Abstract 205: Association of Statin Use With the Risk of Subarachnoid Hemorrhage in Medicare Patients With Unruptured Cerebral Aneurysms
Background: Animal studies have demonstrated that statins decrease cerebral aneurysm progression and the risk of subarachnoid hemorrhage (SAH). A protective effect has also been observed in human studies of abdominal aortic aneurysms. We investigated the association between statin use and SAH in Medicare beneficiaries.
Methods: We used the 40% random sample Medicare denominator file and corresponding inpatient, outpatient (2003-2011) and prescription (2006-2011) claims to conduct a retrospective cohort study of patients diagnosed with unruptured cerebral aneurysms, between 2003 and 2011. We used propensity-adjusted logistic models to investigate the association of statin use with the risk of SAH, out-of-hospital death, and undergoing intervention more than 3 months after the diagnosis (as a marker of disease progression), as well as the composite outcome of all events.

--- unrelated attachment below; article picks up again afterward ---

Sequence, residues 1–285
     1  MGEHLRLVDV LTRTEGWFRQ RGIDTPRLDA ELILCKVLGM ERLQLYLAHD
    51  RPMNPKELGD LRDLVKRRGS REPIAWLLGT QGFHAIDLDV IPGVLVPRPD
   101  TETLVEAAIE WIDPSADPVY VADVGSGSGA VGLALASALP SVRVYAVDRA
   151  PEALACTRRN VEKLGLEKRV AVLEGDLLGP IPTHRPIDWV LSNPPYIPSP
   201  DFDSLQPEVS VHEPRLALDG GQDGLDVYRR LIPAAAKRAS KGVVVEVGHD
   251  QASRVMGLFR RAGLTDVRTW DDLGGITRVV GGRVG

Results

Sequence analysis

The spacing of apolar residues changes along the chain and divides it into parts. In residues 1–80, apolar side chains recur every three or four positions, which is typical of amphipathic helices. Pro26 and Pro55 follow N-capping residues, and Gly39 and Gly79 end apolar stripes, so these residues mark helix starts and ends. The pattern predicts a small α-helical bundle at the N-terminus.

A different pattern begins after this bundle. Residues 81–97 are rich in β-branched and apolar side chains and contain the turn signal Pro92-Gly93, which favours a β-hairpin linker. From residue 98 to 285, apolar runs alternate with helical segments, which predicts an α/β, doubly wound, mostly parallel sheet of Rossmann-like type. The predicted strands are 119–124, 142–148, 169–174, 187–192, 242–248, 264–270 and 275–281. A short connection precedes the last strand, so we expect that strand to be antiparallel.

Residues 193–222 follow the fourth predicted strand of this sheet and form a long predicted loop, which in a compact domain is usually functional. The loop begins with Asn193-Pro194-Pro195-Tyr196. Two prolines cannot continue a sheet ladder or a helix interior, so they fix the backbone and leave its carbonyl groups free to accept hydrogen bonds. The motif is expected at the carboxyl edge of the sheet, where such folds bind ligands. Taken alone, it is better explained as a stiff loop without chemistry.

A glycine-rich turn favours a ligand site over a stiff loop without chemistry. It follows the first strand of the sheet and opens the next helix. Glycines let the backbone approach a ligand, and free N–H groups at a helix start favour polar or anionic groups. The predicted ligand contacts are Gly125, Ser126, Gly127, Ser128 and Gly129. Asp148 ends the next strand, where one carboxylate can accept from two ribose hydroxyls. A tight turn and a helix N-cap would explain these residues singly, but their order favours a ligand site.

Results: We identified 27,574 patients with unruptured cerebral aneurysms (average age 72.3 years, 72.7% female); mean follow up was 29.8 months. Statins were used by 41.4%. Overall, 1,497 patients developed SAH and 725 underwent intervention (coiling or clipping) before aneurysm rupture. Current or recent statin use was not associated with decreased risk of SAH (OR 1.05, 95% CI 0.93 to 1.17), even after stratification on tobacco use/chronic pulmonary disease. Similarly, no association was observed between statin use and the likelihood for operative intervention (OR 0.89, 95% CI 0.75 to 1.10). The risk of the composite outcome was lower among ongoing statin users, compared to remote or no users (OR 0.72, 95% CI 0.68 to 0.77).
Conclusions: Use of statins by patients with unruptured cerebral aneurysms was not associated with decreased risk of SAH. This underscores the differences in human physiology from the animal models used. The lack of the protective effect of statins seen in aortic aneurysms may be explained by the non-atherosclerotic nature of cerebral aneurysms.
Funding: National Institute on Aging (PO1- AG19783).
Author Disclosures: K. Bekelis: None. J. Smith: None. W. Zhou: None. D. Roberts: None. J. Skinner: None. N. Morden: None.
- © 2014 by American Heart Association, Inc.